Back home again, which, after a week, makes everything feel both familiar and new. Buddy was thrilled to see us and has been a bit demanding for pets since then.
Friday was the fourth day of Ozu commentary theatre with Richard Peña on Late Spring. By this point, not sure what new there was to glean from it about Ozu, a lot more just about the narrative in the movie itself. That exhausts, as far as I can tell the available commentaries on Ozu. Unless there are some on the dvds that are not on the online version.
Finished up Neuromancer which I enjoyed as a sci-fi thriller with great writing, but don't have much else to say on it.
There was no DVD player at the beach house this year (I guess it broke so they removed it?), so I ended up not being able to watch some DVDs I had brought along that aren't available online, so that's part of the weekend plan now that we are home. Yesterday I watched my library copy of Sam Peckinpah's Ride the High Country, another western with a kind of "end of the era" theme to it, with Joel McCrea and Randolph Scott playing two aging gunfighters. It was enjoyable enough, but wasn't amazing. The ending in particular had a fairly complete lack of logic that seemed to be designed as a way to get McCrea's character to die a noble death, but really just made him seem like he was kind of bad at his work.
Rewatched Tsai Ming-Liang's Goodbye Dragon Inn since I recently got Nick Pinkerton's book on it from Fireflies Press's Decadent Editions series (10 books on a movie from each of the first 10 years of the 2000s). I figured I should rewatch before reading, so it would be fresher in my mind. Like all the Tsai movies I've watched, it is a slow film, lots of long, unmoving takes, often with very little going on in the frame. It is an elegy for a movie house on the last showing of the last film on the last night. It's the kind of film you have to relax into, just let go of any expectations of plot or action and just watch it, let your eye linger over the composition, the setting, the subtle movements of the actors. If you are too impatient you'd just say "it's so boring, nothing is happening" and you'd turn it off and miss a really lovely, melancholy, and also funny film. Started the Pinkerton book which is so far all about the changing character of movie watching (ah, the laments of "people stream movies now" and the gnashing of teeth).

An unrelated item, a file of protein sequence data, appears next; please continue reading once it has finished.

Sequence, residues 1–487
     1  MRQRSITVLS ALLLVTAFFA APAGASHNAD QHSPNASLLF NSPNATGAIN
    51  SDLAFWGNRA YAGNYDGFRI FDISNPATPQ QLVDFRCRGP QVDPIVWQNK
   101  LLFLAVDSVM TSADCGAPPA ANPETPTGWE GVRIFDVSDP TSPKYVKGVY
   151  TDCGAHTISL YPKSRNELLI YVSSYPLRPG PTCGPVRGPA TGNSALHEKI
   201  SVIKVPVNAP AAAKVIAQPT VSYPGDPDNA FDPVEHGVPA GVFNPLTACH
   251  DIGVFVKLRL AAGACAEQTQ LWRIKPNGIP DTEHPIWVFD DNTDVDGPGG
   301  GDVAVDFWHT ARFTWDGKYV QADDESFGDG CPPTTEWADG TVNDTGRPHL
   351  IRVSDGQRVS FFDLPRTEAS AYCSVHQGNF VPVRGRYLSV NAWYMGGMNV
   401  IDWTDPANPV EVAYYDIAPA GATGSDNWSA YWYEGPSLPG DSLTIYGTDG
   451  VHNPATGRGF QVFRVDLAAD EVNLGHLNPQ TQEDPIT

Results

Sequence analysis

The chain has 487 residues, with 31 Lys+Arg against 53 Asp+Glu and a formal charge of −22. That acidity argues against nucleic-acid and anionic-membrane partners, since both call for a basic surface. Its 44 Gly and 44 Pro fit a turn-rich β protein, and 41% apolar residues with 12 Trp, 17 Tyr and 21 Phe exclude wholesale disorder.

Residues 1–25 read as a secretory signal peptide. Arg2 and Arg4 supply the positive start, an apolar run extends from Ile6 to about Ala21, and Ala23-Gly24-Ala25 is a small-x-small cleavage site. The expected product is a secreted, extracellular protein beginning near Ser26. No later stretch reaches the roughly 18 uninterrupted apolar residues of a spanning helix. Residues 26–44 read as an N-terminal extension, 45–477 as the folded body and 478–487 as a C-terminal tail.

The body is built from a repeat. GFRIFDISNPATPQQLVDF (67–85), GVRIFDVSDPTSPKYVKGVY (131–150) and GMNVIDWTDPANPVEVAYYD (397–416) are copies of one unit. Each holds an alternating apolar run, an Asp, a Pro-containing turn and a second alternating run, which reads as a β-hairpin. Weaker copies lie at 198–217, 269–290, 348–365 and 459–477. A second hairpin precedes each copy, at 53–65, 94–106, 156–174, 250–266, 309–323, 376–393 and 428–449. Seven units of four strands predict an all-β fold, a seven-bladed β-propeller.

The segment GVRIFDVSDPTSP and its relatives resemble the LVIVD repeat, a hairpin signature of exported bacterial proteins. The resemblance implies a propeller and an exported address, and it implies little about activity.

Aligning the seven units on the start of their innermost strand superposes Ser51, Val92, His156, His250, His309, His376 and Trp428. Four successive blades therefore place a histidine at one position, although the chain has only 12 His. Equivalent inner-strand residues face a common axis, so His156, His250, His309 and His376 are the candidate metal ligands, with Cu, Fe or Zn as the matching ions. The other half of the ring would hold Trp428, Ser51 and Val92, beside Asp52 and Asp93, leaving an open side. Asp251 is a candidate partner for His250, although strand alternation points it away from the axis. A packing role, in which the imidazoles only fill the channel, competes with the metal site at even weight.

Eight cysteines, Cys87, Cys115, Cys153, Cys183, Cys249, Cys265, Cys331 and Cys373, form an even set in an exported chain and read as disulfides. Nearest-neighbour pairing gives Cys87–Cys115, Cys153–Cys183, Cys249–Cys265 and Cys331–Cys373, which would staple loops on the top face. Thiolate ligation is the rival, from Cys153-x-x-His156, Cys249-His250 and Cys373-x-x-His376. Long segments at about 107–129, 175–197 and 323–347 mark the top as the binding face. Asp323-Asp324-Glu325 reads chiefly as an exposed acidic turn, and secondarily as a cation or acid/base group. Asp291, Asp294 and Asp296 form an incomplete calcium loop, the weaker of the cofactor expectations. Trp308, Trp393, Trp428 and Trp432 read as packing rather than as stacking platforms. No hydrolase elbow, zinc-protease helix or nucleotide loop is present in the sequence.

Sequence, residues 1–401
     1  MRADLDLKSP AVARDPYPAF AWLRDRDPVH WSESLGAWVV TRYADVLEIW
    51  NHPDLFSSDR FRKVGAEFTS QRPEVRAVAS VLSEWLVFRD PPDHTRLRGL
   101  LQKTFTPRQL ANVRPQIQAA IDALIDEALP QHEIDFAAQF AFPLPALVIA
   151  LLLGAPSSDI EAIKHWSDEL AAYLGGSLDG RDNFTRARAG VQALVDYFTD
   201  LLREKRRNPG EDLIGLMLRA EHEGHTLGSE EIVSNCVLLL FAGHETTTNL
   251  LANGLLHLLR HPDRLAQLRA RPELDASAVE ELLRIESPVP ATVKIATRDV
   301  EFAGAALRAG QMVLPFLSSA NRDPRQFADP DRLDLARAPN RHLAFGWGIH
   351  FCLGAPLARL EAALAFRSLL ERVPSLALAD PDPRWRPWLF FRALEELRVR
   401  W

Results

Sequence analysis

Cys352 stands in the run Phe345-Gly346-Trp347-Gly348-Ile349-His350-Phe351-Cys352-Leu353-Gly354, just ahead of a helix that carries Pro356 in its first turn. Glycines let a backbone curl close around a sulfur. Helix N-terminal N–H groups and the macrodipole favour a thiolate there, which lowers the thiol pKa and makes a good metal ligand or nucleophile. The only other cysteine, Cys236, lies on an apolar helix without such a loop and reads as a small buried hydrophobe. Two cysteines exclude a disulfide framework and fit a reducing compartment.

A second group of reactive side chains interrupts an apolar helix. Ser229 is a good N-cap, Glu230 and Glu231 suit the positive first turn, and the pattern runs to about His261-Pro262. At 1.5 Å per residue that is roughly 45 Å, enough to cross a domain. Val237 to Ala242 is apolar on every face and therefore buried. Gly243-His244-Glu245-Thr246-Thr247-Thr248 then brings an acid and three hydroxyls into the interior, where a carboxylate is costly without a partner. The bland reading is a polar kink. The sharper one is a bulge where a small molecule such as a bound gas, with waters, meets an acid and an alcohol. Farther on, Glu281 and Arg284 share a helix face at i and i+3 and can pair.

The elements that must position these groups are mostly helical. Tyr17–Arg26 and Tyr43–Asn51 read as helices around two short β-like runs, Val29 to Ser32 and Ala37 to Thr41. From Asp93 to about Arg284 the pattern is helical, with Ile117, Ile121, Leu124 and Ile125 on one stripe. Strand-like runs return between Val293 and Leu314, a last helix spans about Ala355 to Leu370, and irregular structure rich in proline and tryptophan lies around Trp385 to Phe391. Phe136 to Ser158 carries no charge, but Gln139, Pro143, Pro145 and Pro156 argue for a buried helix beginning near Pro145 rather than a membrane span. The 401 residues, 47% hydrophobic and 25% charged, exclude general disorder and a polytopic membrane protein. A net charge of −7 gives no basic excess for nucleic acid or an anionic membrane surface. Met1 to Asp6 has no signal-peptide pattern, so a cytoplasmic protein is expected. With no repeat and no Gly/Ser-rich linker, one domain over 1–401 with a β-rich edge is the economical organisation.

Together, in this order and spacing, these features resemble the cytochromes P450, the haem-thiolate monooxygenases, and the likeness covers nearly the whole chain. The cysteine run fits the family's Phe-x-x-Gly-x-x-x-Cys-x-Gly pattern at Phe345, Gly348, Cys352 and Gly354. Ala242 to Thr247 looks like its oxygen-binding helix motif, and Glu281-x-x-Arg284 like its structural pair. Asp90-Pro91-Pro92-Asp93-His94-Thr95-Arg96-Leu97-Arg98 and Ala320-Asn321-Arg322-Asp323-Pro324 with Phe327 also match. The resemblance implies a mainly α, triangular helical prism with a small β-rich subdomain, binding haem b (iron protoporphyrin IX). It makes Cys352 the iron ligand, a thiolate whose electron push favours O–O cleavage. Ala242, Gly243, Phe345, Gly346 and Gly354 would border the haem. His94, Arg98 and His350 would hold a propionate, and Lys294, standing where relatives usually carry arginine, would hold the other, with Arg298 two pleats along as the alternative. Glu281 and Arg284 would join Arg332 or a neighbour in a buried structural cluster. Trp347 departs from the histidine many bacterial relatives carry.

Started on David Lynch's Inland Empire this morning. I've had that DVD since it was released and never watched it! Somehow it just... never got put in the player. So finally, I've watched the first hour of it (ah yes, the other movie sin of not watching the whole thing all at once, but it's 3 hours long). The next book in that Decadent Editions series is on this one, hence the spurring on to finally watch it. It is also about movies, in that the protagonists are actors making a movie and they start to blur the lines between themselves and their characters. Realizing that one of the other books in that series is on Hong Sang-Soo's Tale of Cinema which is also a movie about movies in a different way. One gets the feeling the critics like to write about movies that are about movies.
Feeling the oncoming start of autumn, it was a bit chilly as I left the house for a walk this morning. Looking forward to the end the summer heat, looks like the temperatures will be cooling a bit this week. Maybe I'll even get to start wearing my sweatshirt again. I took it to the beach and it was unexpectedly warmer than usually, I didn't end up putting it on even once.